Smart Mechanical Ventilation (SMV)

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The Impact of CO₂

Rising CO₂ concentrations have a major impact on both the outdoor and indoor environment. To reduce carbon emissions, buildings have been made more air-tight, making them more energy efficient. But this is a double-edged sword; with inadequate ventilation, an air-tight room will suffer from poor air quality and a high CO₂ concentration. Therefore, we find ourselves between an iceberg and a hard place.

 

In a typical classroom, the volume of room air may need to be changed approximately 5 times per hour to achieve a daily average of less than 1,000 ppm of CO₂. That means that the entire volume of room air must be changed every 12 minutes and this air must be brought in from outside.
To achieve a daily average of 1,000 ppm of CO₂, provide filtered air and not be wasteful, mechanical ventilation with heat recovery (MVHR) must be used.

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AirMasters installed in classrooms across the UK and Europe

70,000+

Features

The air that our children breathe...

...how safe is it?
Pollution and filtration

Studies have found that air pollution in classrooms is often worse than it is outside, and action must be taken to protect our school children. Ventilation equipment therefore becomes a key line of defence to stop further build-up of pollutants. AirMasters are equipped with filters to at least ePM10 75%, which can be upgraded to ePM1 55% for highly polluted areas.

Noise Management

With noise attenuation of up to 49 dB(A) and casing breakout volume of 35 dB(A) measured at just 1 m, AirMasters are well equipped to deal with noise. For SEN applications, casing breakout volume can be limited to just 30 dB(A) at 80% throughput. These factors make AirMasters the quietest decentralised ventilation units in the UK.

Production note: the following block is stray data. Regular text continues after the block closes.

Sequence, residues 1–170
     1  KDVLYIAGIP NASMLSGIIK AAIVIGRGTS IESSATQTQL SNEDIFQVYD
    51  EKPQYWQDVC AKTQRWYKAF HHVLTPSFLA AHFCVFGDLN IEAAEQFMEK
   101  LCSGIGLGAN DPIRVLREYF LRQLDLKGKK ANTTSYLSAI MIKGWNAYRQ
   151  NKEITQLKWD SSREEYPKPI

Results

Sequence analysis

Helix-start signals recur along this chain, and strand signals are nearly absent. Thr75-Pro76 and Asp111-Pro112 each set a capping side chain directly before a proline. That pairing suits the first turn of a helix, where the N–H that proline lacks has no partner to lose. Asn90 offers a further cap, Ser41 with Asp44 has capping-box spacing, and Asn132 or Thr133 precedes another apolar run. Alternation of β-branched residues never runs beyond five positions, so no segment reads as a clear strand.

Energy savings

The aluminium counterflow heat exchangers that are used in AirMasters enable heat recovery efficiency of up to 90%, dramatically cutting the amount of supplementary heat required in a classroom to maintain a comfortable room temperature. Classroom units are normally supplied with an integral CO₂ sensor for demand-controlled operation, reducing energy consumption during unoccupied periods.

Draught-free ventilation

For mechanical ventilation units, supply air temperature and velocity must be carefully controlled to avoid draughts. By using a heat exchanger and the Coanda effect, an AirMaster unit eliminates the risk of draught even on the coldest days.

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Document Downloads

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Design Guide
  • AirMaster Design Guide

Product Catalogue (With Technical Data)
  • AirMaster Product Catalogue 2020-2021

Brochure
  • Airlinq Online Brochure

Specifications
  • Wall or Ceiling Mounted SMVs

  • Floor Standing SMVs

Industry Views
  • Decarbonizing UK School Ventilation

  • The Impact of CO₂ on Children's Learning

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